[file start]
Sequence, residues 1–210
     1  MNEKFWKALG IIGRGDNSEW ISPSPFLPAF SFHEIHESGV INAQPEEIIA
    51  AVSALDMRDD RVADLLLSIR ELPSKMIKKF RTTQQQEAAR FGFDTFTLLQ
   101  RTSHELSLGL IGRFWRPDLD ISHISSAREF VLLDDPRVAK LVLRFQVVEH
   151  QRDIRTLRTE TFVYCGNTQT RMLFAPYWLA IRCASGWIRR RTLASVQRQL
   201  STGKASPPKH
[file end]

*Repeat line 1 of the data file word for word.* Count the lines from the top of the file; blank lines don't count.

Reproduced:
Sequence, residues 1–210